You want to have everyone from your coordinators and analysts all the way up to your VP’s and even C-suite all present at this meeting. We all know that it can be challenging to get your executives into a room, so you will need to explain that this meeting will lead to savings so they are motivated to join the conversation. When you get it on the books, go into that meeting with one thing in mind: Identify the shared keywords and phrases. You will find that there are many efficiencies that can come from this information sharing session if you layout this agenda:
Sample Meeting Agenda
- Who you are and why you requested the meeting
- Explain the metrics on your side of the business
- Have your counterparts explain their metrics
- Discuss where you house your data and what data stands out to you as being important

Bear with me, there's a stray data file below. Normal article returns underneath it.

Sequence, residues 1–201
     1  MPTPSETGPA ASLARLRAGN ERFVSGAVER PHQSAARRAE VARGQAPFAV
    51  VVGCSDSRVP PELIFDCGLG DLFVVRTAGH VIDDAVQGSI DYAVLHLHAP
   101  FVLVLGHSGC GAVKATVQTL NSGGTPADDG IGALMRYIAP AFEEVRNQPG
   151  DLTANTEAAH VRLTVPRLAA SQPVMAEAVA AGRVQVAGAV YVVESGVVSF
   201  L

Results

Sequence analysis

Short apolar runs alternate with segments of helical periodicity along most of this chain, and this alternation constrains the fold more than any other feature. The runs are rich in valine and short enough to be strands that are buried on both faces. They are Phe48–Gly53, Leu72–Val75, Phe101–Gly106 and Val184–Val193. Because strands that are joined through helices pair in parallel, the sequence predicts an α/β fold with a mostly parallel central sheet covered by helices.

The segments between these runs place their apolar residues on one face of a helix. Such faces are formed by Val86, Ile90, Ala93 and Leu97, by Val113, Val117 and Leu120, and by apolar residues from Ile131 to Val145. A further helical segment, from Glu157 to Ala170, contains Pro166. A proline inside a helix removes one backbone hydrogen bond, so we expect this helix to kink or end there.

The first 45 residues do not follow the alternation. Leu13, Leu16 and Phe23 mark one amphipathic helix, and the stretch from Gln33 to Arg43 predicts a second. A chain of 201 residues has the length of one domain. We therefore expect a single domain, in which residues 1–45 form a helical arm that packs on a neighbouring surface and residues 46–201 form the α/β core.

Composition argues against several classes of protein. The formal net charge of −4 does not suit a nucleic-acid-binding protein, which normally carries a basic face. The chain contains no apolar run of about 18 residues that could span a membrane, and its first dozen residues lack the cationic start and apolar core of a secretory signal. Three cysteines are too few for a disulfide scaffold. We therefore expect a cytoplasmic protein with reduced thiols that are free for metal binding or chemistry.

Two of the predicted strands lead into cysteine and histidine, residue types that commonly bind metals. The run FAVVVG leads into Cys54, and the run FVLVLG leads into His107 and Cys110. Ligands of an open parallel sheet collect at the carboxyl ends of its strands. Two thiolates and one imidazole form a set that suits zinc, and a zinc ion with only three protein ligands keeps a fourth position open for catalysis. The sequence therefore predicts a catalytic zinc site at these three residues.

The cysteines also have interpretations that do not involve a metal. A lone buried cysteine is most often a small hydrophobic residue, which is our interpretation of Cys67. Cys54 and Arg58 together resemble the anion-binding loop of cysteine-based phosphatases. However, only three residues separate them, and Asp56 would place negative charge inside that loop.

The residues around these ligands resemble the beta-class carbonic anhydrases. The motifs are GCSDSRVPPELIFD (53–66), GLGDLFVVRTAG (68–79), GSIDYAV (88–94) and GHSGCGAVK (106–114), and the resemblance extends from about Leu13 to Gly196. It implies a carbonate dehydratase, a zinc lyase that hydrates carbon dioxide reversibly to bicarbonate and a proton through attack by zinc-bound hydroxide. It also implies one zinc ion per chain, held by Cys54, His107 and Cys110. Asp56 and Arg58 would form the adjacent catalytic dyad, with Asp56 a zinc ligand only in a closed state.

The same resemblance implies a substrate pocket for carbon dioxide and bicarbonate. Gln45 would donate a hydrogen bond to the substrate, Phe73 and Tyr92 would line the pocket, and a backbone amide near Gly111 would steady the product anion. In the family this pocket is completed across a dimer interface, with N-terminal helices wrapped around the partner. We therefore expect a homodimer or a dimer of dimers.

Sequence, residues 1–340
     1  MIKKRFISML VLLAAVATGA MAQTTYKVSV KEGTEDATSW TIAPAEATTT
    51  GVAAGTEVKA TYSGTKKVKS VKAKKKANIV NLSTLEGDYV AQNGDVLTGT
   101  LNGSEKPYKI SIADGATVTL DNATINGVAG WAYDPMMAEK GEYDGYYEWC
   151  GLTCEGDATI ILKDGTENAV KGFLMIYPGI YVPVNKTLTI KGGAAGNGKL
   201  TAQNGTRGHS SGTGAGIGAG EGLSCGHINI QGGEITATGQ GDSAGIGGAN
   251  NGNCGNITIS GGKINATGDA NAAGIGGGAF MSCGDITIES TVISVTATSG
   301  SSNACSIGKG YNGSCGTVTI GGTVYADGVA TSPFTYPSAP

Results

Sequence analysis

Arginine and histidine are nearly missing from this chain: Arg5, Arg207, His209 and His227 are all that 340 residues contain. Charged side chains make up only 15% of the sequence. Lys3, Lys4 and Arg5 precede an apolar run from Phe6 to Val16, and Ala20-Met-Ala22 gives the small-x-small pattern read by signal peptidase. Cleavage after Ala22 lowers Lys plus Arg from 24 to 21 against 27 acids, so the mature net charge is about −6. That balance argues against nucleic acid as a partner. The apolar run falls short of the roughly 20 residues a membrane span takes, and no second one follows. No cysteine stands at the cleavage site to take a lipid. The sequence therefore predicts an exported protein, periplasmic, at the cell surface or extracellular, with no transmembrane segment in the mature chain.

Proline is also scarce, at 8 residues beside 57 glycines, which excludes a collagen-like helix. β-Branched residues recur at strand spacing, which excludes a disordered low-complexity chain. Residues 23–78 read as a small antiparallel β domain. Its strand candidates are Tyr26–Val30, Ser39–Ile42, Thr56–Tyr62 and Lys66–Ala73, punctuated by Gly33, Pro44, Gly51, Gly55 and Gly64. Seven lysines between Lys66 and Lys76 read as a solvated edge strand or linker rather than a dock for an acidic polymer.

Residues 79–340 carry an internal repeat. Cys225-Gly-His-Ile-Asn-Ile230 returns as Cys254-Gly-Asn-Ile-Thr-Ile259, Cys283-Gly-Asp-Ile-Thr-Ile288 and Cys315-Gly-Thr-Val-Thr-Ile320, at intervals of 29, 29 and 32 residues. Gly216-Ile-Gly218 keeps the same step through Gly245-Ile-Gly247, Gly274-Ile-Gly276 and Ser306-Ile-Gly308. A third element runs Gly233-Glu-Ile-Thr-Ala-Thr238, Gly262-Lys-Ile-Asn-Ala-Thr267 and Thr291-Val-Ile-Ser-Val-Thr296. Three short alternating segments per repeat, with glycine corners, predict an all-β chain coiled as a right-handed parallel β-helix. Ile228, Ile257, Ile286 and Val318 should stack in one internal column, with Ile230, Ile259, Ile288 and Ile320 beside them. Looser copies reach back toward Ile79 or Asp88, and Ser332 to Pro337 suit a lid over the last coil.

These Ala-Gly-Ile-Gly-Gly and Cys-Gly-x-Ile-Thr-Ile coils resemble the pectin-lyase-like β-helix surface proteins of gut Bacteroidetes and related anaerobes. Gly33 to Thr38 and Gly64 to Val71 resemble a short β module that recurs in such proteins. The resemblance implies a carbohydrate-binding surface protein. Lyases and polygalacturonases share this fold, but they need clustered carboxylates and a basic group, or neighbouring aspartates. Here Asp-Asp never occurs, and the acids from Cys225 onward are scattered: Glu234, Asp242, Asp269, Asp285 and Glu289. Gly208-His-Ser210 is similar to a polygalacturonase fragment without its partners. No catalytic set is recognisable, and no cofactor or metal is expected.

- Discuss aspects of current campaigns that have driven results.
- What about them has led to success?
- Figure out where the areas of opportunity for improvement are
- Align aspects of successful plans with your areas for opportunity
- Leave with a specific set of goals and an actionable gameplan
2. Data Sharing
We live in a time where the value of data outweighs the value of oil. On the paid side of the conversation, Google provides marketers with a wealth of information about the performance of pay per click campaigns. SEOs have tons of data to support their efforts like engagement metrics, conversion from organic search, average rank, and traffic from organic. You need to be thinking of this data as one full set of information.